Every Bahamian knows the name Ronnie Butler. Dubbed “the godfather of Bahamian music,” his calypso rhythms and satirical lyrics have been woven into the country’s cultural tapestry for more than fifty years.
What some may not realize, however, is that Butler’s son and namesake – known as Ron – is also a multi-talented entertainer. And though he has sung and acted on stages the world over, Ronnie Butler Jr. has not performed in his home country for decades.
If you haven’t yet bought tickets for An Evening to Remember, taking place at Bluff House Beach Resort & Marinaon January 7, you’ve got less than two weeks! We need to provide a final headcount a week before the event, meaning tickets will only be sold until December 31. No tickets will be available for purchase at the door.
Photo courtesy of the Albert Lowe Museum, Green Turtle Cay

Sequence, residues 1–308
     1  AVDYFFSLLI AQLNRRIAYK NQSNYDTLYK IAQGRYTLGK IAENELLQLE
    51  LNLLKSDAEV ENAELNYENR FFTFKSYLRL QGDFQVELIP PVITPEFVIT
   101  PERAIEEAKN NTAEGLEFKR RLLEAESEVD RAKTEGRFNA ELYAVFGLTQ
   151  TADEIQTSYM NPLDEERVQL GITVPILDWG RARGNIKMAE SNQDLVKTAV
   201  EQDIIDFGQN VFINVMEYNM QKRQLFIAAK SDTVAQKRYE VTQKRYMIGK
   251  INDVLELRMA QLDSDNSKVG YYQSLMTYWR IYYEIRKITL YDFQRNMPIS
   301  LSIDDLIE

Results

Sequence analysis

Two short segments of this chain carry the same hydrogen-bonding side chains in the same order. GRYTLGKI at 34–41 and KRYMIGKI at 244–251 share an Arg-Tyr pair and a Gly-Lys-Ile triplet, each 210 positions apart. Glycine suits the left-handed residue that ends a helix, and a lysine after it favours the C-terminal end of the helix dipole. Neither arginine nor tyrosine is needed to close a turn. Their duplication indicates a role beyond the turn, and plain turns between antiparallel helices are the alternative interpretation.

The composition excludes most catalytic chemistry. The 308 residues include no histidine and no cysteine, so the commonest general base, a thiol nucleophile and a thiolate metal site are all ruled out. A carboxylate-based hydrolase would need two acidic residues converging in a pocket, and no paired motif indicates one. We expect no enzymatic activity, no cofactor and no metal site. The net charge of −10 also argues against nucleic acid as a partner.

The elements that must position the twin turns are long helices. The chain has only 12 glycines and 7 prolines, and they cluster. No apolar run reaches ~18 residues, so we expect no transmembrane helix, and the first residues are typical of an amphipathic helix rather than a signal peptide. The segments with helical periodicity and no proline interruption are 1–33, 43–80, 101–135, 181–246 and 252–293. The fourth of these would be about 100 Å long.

It’s Museum Monday! Today’s photo shows Captain Roland Roberts (left) and Harold Lowe with a large turtle. During the late 1800s and early 1900s, turtle fishing was a lucrative occupation. Whereas a full day’s work earned a Green Turtle Cay labourer less than two shillings, one hawksbill turtle shell could bring in £8-10.
Centuries before the arrival of the Eleutheran Adventurers and Loyalists, Lucayan Indians made their homes in the Bahamas. Having migrated north from Hispaniola a thousand years ago or more, as many as 40,000 Lucayans are thought to have lived among the Bahamian islands.
In this original oil painting by Alton Lowe, Lucayans make their traditional Palmettoware pottery.